Project: Minimal Downtown Loft
Architecture: Bushman Dreyfus Architects
Location: Charlottesville, Virginia, United States
Project size: 2350 ft2
Site size: 3000 ft2
Completion date: 2019
Building levels 4
Photo Credits: Virginia Hamrick Photography
Light is the theme of this minimal and modern intervention.
The oldest building on the downtown pedestrian mall in Charlottesville, Virginia, USA, contains this minimal and modern renovation. The c.1843 three-story structure was badly in need of refurbishment — portions of the framing, roof, insulation, windows, mechanical systems, electrical and plumbing were all replaced and renewed so this building is set for service for another century or more.
Dark and claustrophobic commercial space was the starting point on both floors. The second floor is transformed into space for a small commercial venture. The third floor and attic are transformed into a single spacious open floor apartment with sleeping loft overlooking the main space. Transparency from front to back is a key design intent, establishing visual access to the street trees in front and sunlight in the back. Multiple modes of direct and indirect natural lighting animate the space.
A single scaled up cabinet “box” with hidden hardware, secret doors and rooms runs nearly the entire 50-foot length of the floor and conceals all modernized services and storage for each level. In the apartment all kitchen appliances disappear when not in use. Doors to the left and right of the work surface open fully for access to a wall oven and refrigerator. The wood cladding is rough sawn white oak with a light stain. The floor planks are also white oak, keeping the color and material palette to a minimum on both floors.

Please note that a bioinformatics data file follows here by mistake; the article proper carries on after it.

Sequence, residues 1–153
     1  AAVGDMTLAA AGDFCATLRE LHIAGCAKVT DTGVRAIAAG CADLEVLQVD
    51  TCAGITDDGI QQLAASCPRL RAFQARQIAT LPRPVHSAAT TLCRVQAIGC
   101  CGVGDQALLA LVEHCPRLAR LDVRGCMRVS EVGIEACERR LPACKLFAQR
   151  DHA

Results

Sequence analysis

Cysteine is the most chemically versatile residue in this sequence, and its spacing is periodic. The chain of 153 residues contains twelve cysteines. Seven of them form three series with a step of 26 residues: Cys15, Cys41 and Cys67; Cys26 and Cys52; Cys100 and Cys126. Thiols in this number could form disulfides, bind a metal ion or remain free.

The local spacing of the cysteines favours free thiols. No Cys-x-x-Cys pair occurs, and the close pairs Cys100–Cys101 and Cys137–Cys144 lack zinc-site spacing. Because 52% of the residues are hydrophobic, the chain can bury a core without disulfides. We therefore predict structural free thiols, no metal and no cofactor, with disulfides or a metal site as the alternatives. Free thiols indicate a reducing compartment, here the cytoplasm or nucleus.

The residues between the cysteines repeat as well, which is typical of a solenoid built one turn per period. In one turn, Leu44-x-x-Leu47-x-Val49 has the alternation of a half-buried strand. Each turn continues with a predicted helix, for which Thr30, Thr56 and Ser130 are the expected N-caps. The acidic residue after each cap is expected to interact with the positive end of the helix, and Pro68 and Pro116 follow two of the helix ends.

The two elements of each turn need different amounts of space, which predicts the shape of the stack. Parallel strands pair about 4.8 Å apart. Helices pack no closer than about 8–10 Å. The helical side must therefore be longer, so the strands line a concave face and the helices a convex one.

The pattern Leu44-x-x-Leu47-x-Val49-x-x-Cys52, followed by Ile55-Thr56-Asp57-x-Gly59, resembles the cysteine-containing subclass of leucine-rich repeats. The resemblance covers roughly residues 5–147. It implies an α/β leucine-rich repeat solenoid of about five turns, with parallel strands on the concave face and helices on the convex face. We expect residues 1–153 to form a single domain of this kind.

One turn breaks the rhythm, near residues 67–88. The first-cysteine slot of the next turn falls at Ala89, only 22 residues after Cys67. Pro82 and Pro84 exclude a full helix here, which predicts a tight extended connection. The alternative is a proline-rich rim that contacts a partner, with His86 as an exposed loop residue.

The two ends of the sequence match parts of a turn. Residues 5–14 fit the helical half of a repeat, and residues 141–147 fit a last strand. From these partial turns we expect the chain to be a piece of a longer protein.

In the apartment a window-like opening through the oak cabinet volume frames a view of the original brick masonry bearing walls, offering a dramatic counterpoint of texture and color. The backsplash is completely open to a stair leading to the apartment vestibule below. In the kitchen’s opening, a low-profile stainless steel utility trough with electrical outlets runs along the edge of the counter. Functional and durable stainless-steel accessories for the kitchen and bath are custom-fabricated locally.
Although the residential bathroom doesn’t have an exterior window, a south-facing floor-to-ceiling sheet of glass brings borrowed light in from the skylight above the apartment entry stair, illuminating a floating oak vanity. The finish of the engineered stone countertop and integral sink match the the slabs in the kitchen’s opening, providing a thread of continuity. The intention was not to introduce another color or material in this space.
The residential sleeping loft stair is both foreground and background, heavy and light, transparent and opaque. The white guardrail is a single 3/8” thick painted steel plate. The treads and risers are folded perforated steel, fixed to the vertical steel plate guard, creating a delicate, but monolithic, integrated structure.
Seven new skylights in the high ceiling of the apartment fill the space with natural light. Illuminated cove at the top of the cabinet wall brightens the second floor office. New double pane aluminum clad windows on both floors maximize the daylight openings and ensure better energy performance. New insulation under the existing roof provides thermal resistance far in excess of the code required value.